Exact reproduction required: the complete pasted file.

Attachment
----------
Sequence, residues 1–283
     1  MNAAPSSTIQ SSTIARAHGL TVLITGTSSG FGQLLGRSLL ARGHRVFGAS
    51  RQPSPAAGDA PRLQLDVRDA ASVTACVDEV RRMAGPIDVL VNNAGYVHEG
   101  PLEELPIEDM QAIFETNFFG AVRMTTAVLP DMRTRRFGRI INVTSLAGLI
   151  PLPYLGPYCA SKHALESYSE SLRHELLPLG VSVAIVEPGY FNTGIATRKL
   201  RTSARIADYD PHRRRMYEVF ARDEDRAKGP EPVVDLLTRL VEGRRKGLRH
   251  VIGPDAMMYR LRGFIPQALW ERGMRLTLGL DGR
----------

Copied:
Sequence, residues 1–283
     1  MNAAPSSTIQ SSTIARAHGL TVLITGTSSG FGQLLGRSLL ARGHRVFGAS
    51  RQPSPAAGDA PRLQLDVRDA ASVTACVDEV RRMAGPIDVL VNNAGYVHEG
   101  PLEELPIEDM QAIFETNFFG AVRMTTAVLP DMRTRRFGRI INVTSLAGLI
   151  PLPYLGPYCA SKHALESYSE SLRHELLPLG VSVAIVEPGY FNTGIATRKL
   201  RTSARIADYD PHRRRMYEVF ARDEDRAKGP EPVVDLLTRL VEGRRKGLRH
   251  VIGPDAMMYR LRGFIPQALW ERGMRLTLGL DGR